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Independent vindicated as Dasnois settles over Mandela coverage

Independent Media and former Cape Times editor Alide Dasnois have reached a settlement in the Labour Court case in which she was suing the company over her December 2013 removal from the post.
Independent is satisfied that this conclusion represents a vindication of our consistent position, which is that the company has an absolute right to act against any editor who demonstrates poor editorial judgment and that the adverse market performance of a newspaper is a legitimate reason for an editor’s removal.

Incidentally, Independent’s senior management – including Dasnois’ editorial colleagues – had on 14 November 2013 advised the company’s incoming chairman, Dr Iqbal Survé, to remove Dasnois from the Cape Times as a result of the paper’s dismal performance. In addition, the new chairman was also concerned with the lack of diversity in the Cape Times newsroom that Dasnois ran, with not a single African senior reporter or sub-editor at the paper. This was out of line with the positioning of the company under its new owners.

Today’s agreement, which has been made an order of court, represents the full and final settlement between the company and Dasnois, and concludes all outstanding matters between them.

On the evening of 5 December 2013, South Africa was informed of the passing of the founding leader of our democracy, President Nelson Mandela.

In line with pre-existing Mandela coverage plans – similar to every other newspaper house in South Africa – Independent’s titles recalled all their front pages from the presses and redesigned these to lead with the news of Madiba’s passing. The exception to this in the Independent Group – and unique among all major papers here and across the world – was Dasnois’ Cape Times.

For reasons only she will be able to explain, Dasnois refused to recall the first edition of the paper, and instead designed from scratch a four-page wraparound that was ready only for the second edition. The decision delayed the entire production and distribution of the Cape Times, leading to financial losses for the company.

On the morning of 6 December 2013, the Cape Times was the only pre-eminent paper of record in the world not to have the most important South African story of the last decade on its front page.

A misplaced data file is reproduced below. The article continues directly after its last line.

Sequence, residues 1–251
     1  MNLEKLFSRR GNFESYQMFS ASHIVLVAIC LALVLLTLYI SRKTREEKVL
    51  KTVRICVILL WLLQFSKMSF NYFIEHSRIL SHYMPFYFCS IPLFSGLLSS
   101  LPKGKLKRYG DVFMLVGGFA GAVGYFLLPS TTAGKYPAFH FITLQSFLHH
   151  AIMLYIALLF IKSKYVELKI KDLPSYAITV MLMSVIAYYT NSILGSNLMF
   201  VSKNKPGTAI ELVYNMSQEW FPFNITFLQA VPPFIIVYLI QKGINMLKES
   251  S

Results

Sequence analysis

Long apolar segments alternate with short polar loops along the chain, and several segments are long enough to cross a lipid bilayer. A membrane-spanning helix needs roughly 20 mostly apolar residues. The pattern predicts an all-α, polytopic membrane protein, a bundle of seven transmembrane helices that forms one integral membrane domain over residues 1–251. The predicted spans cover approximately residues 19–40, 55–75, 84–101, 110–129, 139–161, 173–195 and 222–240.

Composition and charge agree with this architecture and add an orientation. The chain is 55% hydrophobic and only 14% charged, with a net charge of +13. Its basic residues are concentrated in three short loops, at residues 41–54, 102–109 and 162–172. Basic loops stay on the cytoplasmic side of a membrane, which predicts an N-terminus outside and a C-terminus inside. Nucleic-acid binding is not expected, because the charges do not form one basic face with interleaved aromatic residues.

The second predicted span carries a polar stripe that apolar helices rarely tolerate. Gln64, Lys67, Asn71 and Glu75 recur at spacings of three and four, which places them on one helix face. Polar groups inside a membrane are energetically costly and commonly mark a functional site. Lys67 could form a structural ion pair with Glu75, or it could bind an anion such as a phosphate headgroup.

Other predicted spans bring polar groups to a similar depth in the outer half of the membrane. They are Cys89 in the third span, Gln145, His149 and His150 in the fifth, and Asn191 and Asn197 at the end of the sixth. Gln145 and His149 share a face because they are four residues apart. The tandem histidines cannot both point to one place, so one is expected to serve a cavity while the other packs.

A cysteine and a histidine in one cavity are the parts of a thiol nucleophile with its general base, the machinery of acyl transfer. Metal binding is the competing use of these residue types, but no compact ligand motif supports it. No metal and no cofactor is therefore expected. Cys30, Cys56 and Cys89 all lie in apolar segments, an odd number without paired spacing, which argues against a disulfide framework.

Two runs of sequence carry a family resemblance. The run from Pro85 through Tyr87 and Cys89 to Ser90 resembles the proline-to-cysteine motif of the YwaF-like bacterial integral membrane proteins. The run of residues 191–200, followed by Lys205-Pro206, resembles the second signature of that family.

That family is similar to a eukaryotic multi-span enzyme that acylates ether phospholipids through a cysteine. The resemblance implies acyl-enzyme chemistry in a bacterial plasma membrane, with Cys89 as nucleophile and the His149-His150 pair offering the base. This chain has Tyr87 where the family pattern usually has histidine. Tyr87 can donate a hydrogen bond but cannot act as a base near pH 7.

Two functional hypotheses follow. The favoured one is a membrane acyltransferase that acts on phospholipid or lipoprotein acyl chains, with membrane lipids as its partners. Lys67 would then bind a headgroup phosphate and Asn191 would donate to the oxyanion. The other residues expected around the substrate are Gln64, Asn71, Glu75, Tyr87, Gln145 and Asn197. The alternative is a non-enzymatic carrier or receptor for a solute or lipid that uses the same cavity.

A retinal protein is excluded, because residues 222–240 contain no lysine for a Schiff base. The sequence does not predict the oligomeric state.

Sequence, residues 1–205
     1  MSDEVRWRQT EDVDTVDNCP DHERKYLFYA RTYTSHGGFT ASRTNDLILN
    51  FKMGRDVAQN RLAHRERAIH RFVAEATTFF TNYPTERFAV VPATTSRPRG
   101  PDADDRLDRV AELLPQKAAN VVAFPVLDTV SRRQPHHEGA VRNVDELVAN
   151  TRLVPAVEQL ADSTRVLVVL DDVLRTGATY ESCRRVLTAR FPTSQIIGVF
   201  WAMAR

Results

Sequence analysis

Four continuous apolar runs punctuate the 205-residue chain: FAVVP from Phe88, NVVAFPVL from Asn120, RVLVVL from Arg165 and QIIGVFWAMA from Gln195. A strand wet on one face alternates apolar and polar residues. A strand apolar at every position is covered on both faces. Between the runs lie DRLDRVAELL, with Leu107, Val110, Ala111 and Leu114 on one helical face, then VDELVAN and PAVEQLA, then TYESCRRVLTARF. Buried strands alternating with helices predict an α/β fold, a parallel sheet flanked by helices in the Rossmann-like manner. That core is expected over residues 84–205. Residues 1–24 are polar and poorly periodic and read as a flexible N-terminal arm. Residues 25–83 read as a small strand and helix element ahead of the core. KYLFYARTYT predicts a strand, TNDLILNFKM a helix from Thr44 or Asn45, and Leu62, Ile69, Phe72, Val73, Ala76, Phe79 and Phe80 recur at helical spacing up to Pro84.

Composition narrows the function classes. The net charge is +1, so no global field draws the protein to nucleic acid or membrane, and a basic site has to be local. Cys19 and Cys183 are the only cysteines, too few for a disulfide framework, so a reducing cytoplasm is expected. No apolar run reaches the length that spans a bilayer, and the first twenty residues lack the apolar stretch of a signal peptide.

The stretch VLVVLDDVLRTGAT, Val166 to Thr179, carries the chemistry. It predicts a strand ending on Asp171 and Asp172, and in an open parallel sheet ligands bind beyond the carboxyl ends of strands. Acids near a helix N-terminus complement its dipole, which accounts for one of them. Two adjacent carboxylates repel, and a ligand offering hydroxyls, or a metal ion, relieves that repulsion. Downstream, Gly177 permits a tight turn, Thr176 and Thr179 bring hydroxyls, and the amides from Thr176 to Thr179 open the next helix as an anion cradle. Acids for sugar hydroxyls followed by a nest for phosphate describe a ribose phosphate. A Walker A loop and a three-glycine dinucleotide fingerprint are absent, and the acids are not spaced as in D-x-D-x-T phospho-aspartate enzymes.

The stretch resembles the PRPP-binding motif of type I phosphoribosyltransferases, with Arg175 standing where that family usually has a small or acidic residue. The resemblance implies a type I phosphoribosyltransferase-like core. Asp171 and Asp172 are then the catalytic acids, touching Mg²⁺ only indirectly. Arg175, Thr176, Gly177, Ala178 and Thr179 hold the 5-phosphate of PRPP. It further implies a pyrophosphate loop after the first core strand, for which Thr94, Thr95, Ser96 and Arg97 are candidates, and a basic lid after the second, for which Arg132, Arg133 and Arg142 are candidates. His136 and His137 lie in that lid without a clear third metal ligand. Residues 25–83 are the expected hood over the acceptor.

We maintain that this was an affront to the dignity and legacy of democratic South Africa’s founder, although Dasnois has subsequently claimed this was not her intention. We must also emphasise that every editor in the Independent group – and virtually every other journalist – disagreed with Dasnois’ decision despite her subsequent public posturing.

The company viewed this as gross negligent conduct unbecoming an editor of the premier paper of record for SA’s parliamentary capital, and on the basis of this error of judgment alone, Independent Media chairman Dr Iqbal Survé removed her from the Cape Times. Subsequent to this, Dasnois faced a disciplinary charge for gross misconduct and dereliction of duty. She was found guilty and dismissed from the company.

Dasnois sued the company in the Labour Court alleging discrimination and unfair dismissal, claiming R4m as payment for 38 months’ salary.

On several occasions over the last two years, Dasnois has attempted to conclude the matter in return for a substantial financial payout. We have consistently rejected this and believed that the matter of Dasnois’ decision on the night of 5 December, had to be ventilated in open court.

We have also held that Dasnois’ attempts to frame the matter as one of press freedom and editorial prerogative made it even more important to settle the matter in court.

It remains our view that Dasnois’ case was flimsy, had no basis in law or the constitution, driven by quixotic public posturing, and had nothing to do with issues of press freedom.

For all the public posturing over the last two years, it remains an incontrovertible fact that Dasnois made a mistake that will forever be a mark on her career. She remains forever the only editor not to lead with the Mandela story on 6 December 2013.

“I really feel sorry for Alide who chose to reduce her entire career to one indefensible decision based on everything but editorial imperatives that night. Deep down, in her heart of hearts, she knows this was wrong. I wish her well in her future career”, said Dr Survé.

10 May 2016 12:35

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